June 27 (Bloomberg) -- The rule is: Racehorses must have actual sex for their foals to be thoroughbreds. In an era of widespread artificial insemination, Australian breeder Bruce McHugh says that’s wrong and has sued to void the rule in his country. If he wins, he might change horse breeding worldwide.
The requirements that horses, in effect, get a stable and go at it “are in restraint of trade” and thus unenforceable, McHugh, former chairman of the Sydney Turf Club said in a complaint filed in the Federal Court of Australia.
Artificial insemination is common in other types of breeding, he argued. Two-thirds of U.S. dairy cows and three quarters of the pigs in 2005 were produced through that method, according to Steve Blezinger, a nutritional and management consultant in Texas. Even humans use artificial insemination to reproduce without penalty.
A win “will bring thoroughbred racing into the 21st century,” McHugh said of his case, which is set to go to trial in Sydney Aug. 29.
The lawsuit is rattling a multibillion-dollar global industry, where a thriving breeding trade has developed. Each year owners of the world’s most-prized horses, including Dubai’s ruler Sheik Mohammed bin Rashid al-Maktoum, send so-called shuttle stallions around the globe to breed with mares, collecting fees which have exceeded $330,000 per mating episode.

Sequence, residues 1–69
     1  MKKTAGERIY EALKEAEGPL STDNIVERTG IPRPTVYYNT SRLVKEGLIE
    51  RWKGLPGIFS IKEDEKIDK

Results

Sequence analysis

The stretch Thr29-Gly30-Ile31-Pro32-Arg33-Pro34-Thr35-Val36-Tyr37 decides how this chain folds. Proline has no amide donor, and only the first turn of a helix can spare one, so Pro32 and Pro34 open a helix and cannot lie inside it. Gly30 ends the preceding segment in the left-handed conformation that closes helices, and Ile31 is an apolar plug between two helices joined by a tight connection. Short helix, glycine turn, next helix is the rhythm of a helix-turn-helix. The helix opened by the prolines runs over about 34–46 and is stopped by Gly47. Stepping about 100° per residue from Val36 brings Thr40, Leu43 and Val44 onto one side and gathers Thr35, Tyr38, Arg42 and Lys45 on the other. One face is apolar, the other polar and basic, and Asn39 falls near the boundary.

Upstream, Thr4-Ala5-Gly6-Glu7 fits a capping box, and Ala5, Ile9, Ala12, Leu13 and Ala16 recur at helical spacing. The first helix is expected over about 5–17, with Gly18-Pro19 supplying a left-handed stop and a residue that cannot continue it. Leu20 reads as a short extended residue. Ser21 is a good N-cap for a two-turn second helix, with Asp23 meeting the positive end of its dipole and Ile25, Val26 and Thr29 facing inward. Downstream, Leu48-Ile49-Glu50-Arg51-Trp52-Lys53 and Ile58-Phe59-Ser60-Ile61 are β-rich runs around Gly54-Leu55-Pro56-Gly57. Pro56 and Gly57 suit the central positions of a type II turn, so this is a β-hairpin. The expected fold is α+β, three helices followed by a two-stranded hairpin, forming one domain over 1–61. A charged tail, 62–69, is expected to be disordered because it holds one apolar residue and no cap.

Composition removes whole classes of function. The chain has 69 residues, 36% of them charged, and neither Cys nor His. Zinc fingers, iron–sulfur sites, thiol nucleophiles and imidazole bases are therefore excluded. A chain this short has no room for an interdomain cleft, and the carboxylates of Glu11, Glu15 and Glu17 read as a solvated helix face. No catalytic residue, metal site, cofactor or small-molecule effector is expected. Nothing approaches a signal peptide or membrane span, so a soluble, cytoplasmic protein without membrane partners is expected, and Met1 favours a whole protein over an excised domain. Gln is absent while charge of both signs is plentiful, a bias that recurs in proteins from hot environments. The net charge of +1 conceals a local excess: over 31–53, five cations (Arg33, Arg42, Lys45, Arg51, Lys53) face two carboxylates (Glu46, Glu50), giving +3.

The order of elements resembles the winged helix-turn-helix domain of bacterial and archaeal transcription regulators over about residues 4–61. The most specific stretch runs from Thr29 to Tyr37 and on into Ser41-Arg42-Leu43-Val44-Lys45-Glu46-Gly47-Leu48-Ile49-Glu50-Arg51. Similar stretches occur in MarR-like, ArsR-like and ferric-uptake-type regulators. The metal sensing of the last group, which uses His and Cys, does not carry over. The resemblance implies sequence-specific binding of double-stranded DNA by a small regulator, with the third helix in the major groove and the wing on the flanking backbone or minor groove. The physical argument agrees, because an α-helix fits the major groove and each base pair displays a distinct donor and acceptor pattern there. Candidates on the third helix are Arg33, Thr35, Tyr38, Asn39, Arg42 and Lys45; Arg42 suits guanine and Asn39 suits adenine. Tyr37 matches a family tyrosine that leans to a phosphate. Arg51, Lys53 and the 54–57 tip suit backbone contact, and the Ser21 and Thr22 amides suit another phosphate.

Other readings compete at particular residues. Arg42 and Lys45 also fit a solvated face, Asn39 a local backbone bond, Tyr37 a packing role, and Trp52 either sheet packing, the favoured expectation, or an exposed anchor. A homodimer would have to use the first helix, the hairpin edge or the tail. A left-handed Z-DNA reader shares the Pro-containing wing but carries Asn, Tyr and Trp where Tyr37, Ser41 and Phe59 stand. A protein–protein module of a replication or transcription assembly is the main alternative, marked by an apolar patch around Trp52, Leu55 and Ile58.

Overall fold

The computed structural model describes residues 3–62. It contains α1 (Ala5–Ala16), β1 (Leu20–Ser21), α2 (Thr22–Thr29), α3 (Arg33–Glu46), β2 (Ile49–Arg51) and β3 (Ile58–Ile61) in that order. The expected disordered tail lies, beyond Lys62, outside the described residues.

A court victory for McHugh could make Australia a trend- setter, tempting stud book operators around the world to follow its lead in allowing the registration of offspring from artificially inseminated mares and saving money in the process.
Alternatively, if no one followed Australia’s lead, that country might find itself shut out of the racing industry.
U.S., British and other regulators might ban the progeny of Australia’s artificially inseminated mares from their tracks, said Paul Higgins, owner of Baerami Thoroughbreds in Hunter Valley, New South Wales, the world’s second-biggest horse- breeding region after Kentucky.
“I think the initial stance would be very hard,” Higgins, who has as many as 300 horses on 1,000 acres of rolling fields near Denman, New South Wales, said at his ranch home. “Things will soften very quickly, and they’ll eventually be saying we’re at the forefront.”
Higgins said he’s not taking a position in this dispute.
Horse breeders “are motivated by recognition and pursuit of prestige,” said Gerald Ng, lawyer for the Australian Racing Board Ltd., one of the defendants in the suit. Owners had also used the breeding operations as tax write-offs, he told federal court judge Alan Robertson at a June 22 hearing in Sydney.
“Brood mare owners are not necessarily profit-maximizing economic agents,” Ng said at the hearing, where Robertson dismissed his request for access to tax returns of Tony Hartnell. Hartnell, a former chairman of the Australia Securities and Investment Commission, plans to testify in support of McHugh.
Ng had sought to show Hartnell used the losses from the horse venture to reduce his income taxes.